Crowdsourcing poised to level playing field for investors

by Olivia D'Orazio05 Jun 2014
Investing in real estate is increasingly for all income levels, with a proliferation of online crowdfunding portals primed to further liberalize the market.

“[Crowdfunding] enables the casual investor to get involved in real estate in a way they’re comfortable, so they don’t need to do it all on their own,” Tim McKillican, founder and president of Open Avenue, a Kitchener, Ont.-based crowdfunding real estate company, told REP Thursday.

“Investors don’t have to deal with midnight phone calls or debt financing,” he says, “and they can partner with an experienced [developer] to manage the property.”

Open Avenue is staking the claim as the first Canadian real estate crowdsourcing company, though the notion of raising large sums through small investments from many people – crowdfunding – has been popular in the U.S. for a few years.

Sites such as F-Squared Investments, which allows investors to purchase farmland, and Prodigy Network, which raised $171.8 million to build a skyscraper that Forbes says will be Bogota, Colombia’s tallest building, are constantly popping up in the industry.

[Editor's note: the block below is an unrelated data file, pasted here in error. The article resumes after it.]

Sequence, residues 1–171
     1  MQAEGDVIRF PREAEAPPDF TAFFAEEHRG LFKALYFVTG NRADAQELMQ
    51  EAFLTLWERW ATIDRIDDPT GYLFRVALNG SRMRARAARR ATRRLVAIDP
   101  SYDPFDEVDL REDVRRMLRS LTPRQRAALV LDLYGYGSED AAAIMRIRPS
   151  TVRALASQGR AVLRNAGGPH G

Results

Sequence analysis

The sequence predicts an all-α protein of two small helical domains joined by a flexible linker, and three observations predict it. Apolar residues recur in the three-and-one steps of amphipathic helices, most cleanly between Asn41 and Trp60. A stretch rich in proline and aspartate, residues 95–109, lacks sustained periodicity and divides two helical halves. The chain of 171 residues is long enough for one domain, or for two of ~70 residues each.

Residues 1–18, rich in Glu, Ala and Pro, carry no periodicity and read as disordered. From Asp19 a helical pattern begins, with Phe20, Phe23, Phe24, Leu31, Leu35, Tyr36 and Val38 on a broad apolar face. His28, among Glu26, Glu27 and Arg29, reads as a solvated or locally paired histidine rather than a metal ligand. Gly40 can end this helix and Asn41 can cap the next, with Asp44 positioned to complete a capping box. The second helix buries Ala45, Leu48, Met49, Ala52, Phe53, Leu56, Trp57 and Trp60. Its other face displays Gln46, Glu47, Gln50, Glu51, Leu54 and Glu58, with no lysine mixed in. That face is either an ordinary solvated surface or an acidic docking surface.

Currently throughout most of Canada, crowdfunding for real estate opportunities is only open to accredited investors, meaning investors must own financial assets (excluding real estate) worth at least $1 million, have net assets of at least $5 million, or have a net income of more than $200,000 in the last two years.

The Ontario Securities Commission is, however, expected to announce a Crowdfunding and Offering Memorandum that will open investing to everyone, regardless of financial status, sometime this year.

Once those regulations are updated, Open Avenue can officially open its doors, and McKillican says the rewards to investing in an open forum are plentiful.

“You can invest in an amount you’re comfortable with,” he says. “So you can diversify across different properties and geographical locations.”

He also says that, while partnering with someone requires due diligence and a certain level of trust, Open Avenue aims to build a transparent system. The company provides investors with real-time updates, including rental incomes and up-to-date expenses.

“We can leverage that transparency to bring the investment to investors,” he says. “You can connect in real time to the property and its performance.”
 

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